Supercharger User Guide
By following these recommendations you will promote years of trouble-free service from your Kennedy’s supercharger installation. Use of the finest components and our years of experience combine to make your forced induction experience the best it can be. If you have elected to have Kennedy’s install your supercharger, you have the added benefit of Kennedy’s exclusive free dyno testing on our Dynojet AWD chassis dyno. We will verify the correct air fuel ratio and ignition timing requirements to ensure proper operation of your supercharger system. We offer the exclusive “Kennedy Advantage” for all of our sales and installations. That means that you have lifetime access to a qualified technician to answer any of your questions. At Kennedy’s you will get the “performance you want and the reliability you deserve”. That is our pledge to our customers.
1. Never enter boost when the engine is cold. Allow time to reach normal operating temperature before utilizing boost.
2. Always use the highest octane fuel available. Use a national name brand fuel.
3. If you must fill up with an unfamiliar fuel, carefully listen for engine detonation. If detonation is audible, DO NOT ENTER BOOST. If detonation persists, SEVERE engine damage may result. Either drain the tank or use the fuel up without entering boost. At that point, fill up with a known source of good fuel. If there is still detonation another problem exists which must be corrected prior to entering boost. Should this occur, call us for tech support.
4. All superchargers are sensitive to intake restriction, especially centrifugal units such as the Procharger and Vortech. For optimal performance the entire intake tract (upstream of the compressor unit) must be in good condition and properly secured. If equipped with flex hose, this must be free of leaks or weak spots.
3. Excessive belt tension can lead to supercharger or crankshaft failure. If equipped with an adjustable tensioner, the belt should be as loose as possible without slippage.
5. We strongly discourage ANY end-user modifications to the ECU programming or jetting/timing changes for carburetor cars. These may result in advanced timing or a lean air:fuel ratio. Either can destroy a boosted engine in a very brief period.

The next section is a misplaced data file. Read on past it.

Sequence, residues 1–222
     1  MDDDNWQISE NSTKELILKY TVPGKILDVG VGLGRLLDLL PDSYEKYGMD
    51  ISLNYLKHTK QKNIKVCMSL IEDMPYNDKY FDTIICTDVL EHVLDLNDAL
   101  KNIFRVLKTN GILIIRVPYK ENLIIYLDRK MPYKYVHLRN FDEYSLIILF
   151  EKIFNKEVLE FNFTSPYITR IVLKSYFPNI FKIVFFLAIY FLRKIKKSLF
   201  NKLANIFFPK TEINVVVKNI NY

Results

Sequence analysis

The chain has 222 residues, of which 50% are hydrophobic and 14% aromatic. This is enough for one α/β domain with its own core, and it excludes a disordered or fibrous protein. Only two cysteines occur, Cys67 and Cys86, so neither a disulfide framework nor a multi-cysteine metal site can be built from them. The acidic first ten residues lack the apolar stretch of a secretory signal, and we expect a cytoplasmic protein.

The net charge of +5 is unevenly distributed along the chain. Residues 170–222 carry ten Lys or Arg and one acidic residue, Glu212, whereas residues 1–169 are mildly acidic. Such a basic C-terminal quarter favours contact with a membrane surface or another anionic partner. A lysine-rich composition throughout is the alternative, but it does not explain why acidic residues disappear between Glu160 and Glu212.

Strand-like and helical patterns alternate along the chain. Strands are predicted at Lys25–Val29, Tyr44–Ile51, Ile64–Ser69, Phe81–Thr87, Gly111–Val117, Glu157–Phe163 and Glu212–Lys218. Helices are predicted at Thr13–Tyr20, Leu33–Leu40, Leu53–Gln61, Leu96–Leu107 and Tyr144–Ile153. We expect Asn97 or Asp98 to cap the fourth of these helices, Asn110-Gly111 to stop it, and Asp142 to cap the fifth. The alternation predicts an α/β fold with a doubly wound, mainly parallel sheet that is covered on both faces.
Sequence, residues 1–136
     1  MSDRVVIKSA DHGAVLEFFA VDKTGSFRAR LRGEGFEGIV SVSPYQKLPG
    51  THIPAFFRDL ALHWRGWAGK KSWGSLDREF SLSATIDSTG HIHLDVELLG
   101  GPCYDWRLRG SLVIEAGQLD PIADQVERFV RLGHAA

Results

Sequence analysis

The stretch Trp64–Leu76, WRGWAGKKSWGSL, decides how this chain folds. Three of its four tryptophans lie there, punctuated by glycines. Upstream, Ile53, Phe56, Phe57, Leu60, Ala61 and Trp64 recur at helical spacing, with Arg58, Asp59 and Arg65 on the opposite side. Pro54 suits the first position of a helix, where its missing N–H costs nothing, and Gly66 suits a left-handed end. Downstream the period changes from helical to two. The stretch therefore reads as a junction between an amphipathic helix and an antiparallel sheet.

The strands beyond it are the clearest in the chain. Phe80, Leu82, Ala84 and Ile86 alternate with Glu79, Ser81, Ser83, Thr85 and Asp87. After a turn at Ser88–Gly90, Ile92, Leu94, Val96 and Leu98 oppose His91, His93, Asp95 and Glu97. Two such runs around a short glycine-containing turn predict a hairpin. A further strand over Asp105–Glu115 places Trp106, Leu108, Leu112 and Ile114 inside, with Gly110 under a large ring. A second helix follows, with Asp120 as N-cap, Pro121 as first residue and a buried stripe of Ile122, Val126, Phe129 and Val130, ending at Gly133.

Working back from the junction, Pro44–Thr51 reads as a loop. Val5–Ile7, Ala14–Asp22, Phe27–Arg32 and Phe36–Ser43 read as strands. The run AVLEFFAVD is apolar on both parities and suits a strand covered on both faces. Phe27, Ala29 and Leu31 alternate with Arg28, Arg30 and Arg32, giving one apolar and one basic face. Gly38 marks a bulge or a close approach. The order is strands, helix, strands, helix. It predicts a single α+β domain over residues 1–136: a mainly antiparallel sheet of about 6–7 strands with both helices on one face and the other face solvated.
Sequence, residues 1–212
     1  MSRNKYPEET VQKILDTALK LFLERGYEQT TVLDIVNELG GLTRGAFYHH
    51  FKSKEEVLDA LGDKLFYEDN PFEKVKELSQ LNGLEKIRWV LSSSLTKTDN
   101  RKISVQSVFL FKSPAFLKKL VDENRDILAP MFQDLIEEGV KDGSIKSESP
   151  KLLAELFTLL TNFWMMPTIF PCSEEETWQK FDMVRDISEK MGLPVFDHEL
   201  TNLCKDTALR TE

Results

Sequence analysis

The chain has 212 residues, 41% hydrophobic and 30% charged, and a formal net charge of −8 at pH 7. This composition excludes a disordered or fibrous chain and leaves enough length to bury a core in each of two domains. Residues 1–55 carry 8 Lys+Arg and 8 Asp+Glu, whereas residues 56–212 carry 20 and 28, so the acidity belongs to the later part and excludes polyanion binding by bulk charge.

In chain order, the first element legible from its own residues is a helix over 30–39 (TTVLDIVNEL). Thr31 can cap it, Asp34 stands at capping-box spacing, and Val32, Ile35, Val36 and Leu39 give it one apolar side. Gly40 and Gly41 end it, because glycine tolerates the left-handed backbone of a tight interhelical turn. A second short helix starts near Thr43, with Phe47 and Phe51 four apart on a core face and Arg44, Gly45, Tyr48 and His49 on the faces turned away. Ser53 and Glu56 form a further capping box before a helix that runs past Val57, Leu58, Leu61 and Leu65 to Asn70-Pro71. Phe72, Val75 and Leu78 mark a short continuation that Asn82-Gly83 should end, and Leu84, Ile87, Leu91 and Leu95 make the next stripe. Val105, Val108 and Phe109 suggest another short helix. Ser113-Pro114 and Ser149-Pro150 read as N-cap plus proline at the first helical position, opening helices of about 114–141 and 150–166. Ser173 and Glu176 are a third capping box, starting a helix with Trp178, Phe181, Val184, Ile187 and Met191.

6. You must not change pulley sizes to increase boost without first checking with Kennedy’s technical support. A lean condition may result with severe, often terminal, engine damage as a consequence. Most vehicles will require a session on Kennedy’s Dynojet if the boost is increased. Internal engine modifications may be required to run high boost. We can provide the necessary components to run the desired boost level, please call to consult a Kennedy’s technician.
7. A lean condition is potentially disastrous for a supercharged car. A defective fuel pump or a clogged fuel filter may cause such a condition. At the first sign of any pinging or drivability problem these are items to be checked. Frequent replacement or cleaning of the fuel filter and the use of good gas are important.
1. Superchargers such as the Kenne Bell and Procharger “SC” units are internally lubricated. The supercharger oil should be replaced every year for most owners. High mileage vehicles require more frequent changes. The recommendations of the supercharger manufacturer may require more frequent oil changes, in that case follow the manufacturers recommendations to preserve your warranty. Please consult the manufacturer’s literature, which you will receive from Kennedy’s. If in doubt, call us or send a quick email. We will be here to support your purchase.
2. Some Procharger and all Vortech models are lubricated by engine oil. For these units we recommend an oil change at a maximum interval of 3,000 miles or after an extended storage period. Each different supercharger unit may require additional maintenance related lubrication. Again, you should consult the literature provided with your kit. Avoid the use of oil additives; use high quality name brand engine oil. The correct weight oil will depend on your specific motor.
3. Use of spark plugs with the proper heat range will help prevent detonation. Most kits designed to work on stock motors can utilize one heat range colder than stock. For high boost applications (10psi and over) consult a Kennedy’s technician. We will typically recommend at least two heat ranges colder than stock. For all supercharger installations we strongly advise against the use of platinum plugs. Use a copper or iridium plug. Spark plug gaps should be in the 0.035” range unless Kennedy’s specifies otherwise.
4. The stock ignition system may not produce a strong enough spark under boost to avoid the spark blowing out, especially if a normal plug gap is used. Your kit may come with high voltage ignition components or Kennedy’s may recommend a unit. A stronger spark may allow a larger plug gap, which may improve power in some situations. In all cases, plug wires must be in good condition. Installing new wires and plugs when doing the blower install is a good idea. If performance deteriorates, plugs and wires are one of the first culprits to suspect.